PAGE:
SC urged to stop Philippine Orthopedic Hospital privatization
MANILA - A petition was filed with the Supreme Court (SC) that seeks to stop the privatization of the Philippine Orthopedic Center (POC) in Quezon City.
Indigent patients, health professionals, and the Makabayan bloc at the Lower House filed the petition, arguing that the hospital's privatization violates the right to accessible health care and will gravely deprive poor Filipinos.
Petitioners claimed that the move will "bleed Filipinos dry" for commercial fees.
“Providing health service to the people, especially the poor and vulnerable is one of the fundamental functions of government. This function should not be subject to the profit motive and other influences but should remain a core public function, responsive to the democratic principles and accountable to public officials.'
"We have the power to choose for ourselves, and more than merely being charitable, to be civilized and just, especially for the poor and underprivileged," the petition read.
The 700-bed capacity POC is the country‘s only hospital specializing in orthopedic disorders; it is being privatized as part of the Aquino administration's Private Public Partnership (PPP) thrust in funding priority projects.
Megawide-World Citi Consortium won the P5.6-billion concession agreement last December, and will design, build, finance, operate and maintain the POC for a period of 25 years.
Petitioners urged the high court to issue a writ of preliminary injunction to prevent government from pushing through with the privatization.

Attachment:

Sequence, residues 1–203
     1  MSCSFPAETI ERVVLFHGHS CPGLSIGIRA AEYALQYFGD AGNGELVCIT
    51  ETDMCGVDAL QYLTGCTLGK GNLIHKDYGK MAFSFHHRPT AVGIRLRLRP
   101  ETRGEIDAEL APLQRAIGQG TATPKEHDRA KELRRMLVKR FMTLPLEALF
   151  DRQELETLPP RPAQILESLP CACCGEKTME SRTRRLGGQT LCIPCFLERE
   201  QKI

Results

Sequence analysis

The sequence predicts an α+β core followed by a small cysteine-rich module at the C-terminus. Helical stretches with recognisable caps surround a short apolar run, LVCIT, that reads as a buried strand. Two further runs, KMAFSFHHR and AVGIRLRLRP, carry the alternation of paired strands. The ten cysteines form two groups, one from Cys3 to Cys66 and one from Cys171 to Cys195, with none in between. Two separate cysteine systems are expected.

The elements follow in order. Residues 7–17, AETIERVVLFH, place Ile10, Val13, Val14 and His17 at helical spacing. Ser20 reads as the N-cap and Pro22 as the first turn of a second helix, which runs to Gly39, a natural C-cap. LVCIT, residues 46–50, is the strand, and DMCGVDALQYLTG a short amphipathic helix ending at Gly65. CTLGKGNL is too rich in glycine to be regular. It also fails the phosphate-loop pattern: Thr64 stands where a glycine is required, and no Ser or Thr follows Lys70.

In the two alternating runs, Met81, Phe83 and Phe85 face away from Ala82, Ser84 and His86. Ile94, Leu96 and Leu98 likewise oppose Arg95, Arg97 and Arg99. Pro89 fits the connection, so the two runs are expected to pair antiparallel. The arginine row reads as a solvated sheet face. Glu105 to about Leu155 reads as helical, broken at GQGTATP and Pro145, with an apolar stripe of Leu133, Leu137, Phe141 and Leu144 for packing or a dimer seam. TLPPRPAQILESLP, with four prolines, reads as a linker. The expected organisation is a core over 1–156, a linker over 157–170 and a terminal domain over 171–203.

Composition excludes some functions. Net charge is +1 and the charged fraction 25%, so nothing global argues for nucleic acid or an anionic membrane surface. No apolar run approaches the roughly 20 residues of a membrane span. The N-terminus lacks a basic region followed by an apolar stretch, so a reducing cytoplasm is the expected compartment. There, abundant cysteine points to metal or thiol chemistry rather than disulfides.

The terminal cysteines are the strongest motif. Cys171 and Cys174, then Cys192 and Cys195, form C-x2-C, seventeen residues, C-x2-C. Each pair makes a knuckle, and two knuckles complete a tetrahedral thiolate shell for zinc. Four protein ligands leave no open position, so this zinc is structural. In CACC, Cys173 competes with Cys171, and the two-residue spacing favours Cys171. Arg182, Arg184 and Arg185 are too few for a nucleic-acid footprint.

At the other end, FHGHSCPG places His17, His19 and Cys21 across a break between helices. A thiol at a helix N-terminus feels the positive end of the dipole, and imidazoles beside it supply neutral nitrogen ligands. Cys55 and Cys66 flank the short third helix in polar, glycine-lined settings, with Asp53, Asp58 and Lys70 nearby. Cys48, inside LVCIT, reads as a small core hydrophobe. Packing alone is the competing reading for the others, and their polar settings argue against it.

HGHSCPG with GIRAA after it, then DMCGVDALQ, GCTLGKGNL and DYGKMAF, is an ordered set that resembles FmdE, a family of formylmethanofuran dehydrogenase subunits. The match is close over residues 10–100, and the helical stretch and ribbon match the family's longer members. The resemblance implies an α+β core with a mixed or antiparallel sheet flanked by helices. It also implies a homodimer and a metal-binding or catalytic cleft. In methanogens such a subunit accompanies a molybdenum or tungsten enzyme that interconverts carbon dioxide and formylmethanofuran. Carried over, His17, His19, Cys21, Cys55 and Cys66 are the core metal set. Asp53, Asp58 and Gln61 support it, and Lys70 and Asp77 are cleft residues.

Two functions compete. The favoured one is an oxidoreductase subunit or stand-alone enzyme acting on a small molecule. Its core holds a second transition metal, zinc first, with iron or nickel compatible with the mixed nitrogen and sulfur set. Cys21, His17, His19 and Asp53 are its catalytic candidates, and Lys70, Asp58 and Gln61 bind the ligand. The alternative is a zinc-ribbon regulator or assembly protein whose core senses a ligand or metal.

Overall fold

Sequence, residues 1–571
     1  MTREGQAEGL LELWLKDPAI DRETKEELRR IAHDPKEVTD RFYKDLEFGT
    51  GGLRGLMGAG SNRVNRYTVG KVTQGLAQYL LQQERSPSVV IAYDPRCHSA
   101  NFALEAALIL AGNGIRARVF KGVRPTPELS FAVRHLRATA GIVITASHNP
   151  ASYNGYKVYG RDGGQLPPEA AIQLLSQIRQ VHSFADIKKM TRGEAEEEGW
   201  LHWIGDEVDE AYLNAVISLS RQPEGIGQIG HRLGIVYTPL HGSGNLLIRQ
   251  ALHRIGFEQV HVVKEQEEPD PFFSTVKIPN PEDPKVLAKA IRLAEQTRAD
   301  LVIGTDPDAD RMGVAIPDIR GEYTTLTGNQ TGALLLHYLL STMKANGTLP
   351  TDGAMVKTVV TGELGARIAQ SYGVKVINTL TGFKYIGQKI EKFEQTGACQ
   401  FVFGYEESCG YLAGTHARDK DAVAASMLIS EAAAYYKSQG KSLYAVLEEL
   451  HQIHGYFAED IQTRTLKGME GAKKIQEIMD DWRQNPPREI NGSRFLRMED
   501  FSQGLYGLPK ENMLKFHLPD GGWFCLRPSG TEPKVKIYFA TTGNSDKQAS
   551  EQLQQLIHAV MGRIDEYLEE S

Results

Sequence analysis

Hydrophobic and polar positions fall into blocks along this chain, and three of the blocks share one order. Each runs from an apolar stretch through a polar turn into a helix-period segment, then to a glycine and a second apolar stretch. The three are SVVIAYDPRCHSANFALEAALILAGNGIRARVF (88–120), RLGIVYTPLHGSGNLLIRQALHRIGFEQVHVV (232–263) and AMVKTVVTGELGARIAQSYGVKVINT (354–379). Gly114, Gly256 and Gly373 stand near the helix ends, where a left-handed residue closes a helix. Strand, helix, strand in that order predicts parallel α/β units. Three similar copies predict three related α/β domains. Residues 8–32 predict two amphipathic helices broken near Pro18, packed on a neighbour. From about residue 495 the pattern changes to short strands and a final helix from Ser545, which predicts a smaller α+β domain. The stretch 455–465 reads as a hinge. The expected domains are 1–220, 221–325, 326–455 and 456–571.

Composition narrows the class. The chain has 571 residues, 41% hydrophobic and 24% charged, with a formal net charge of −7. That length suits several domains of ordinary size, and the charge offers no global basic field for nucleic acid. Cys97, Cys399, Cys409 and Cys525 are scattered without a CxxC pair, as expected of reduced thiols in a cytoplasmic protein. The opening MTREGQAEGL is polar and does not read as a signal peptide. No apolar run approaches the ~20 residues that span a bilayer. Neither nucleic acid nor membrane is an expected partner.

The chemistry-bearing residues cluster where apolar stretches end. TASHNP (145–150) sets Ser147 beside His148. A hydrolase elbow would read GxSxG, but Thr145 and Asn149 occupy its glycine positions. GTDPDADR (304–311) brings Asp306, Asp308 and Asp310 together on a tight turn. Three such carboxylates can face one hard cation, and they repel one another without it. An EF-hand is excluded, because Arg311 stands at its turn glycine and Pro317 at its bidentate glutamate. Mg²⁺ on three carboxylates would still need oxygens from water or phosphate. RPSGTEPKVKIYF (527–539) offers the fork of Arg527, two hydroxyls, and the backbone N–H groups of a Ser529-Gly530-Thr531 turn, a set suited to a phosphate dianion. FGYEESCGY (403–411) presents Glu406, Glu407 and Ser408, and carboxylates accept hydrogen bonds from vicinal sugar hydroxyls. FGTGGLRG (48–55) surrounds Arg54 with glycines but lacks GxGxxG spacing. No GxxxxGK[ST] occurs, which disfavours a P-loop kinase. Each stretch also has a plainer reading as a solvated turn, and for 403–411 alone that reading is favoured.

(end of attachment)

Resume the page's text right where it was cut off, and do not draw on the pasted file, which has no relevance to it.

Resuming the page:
They also assailed the use of the Build Operate Transfer (BOT) law to privatize health services.
Petitioners lamented that under a privatized POC, only 70 beds (10 percent capacity) will be allocated for service (indigent) patients and 420 for sponsored (PhilHealth) patients – compared to the current 562 beds or 85 percent capacity for indigent patients.
This is in clear violation of Republic Act (RA) No. 1939, petitioners stressed, since the law mandates government hospitals to allot at least 90 percent of their bed capacity as "charity beds."
“In short, a privatized POC, which for years has been accepting and treating patients regardless of their ability to pay or whether they have PhilHealth or not, will be turning away patients, specifically, the indigent ones, if not lock out even those who are already presently confined,” the petition read.
POC employees also face the possibility of losing their jobs since the workforce will also be made private, petitioners added.
President Aquino, Health Secretary Enrique Ona, Finance Secretary Cesar Purisima, Socioeconomic Planning Secretary Arsenio Balisacan, Health Undersecretary Teodoro Herbosa and the Megawide- World Citi Consortium were named respondents in the petition.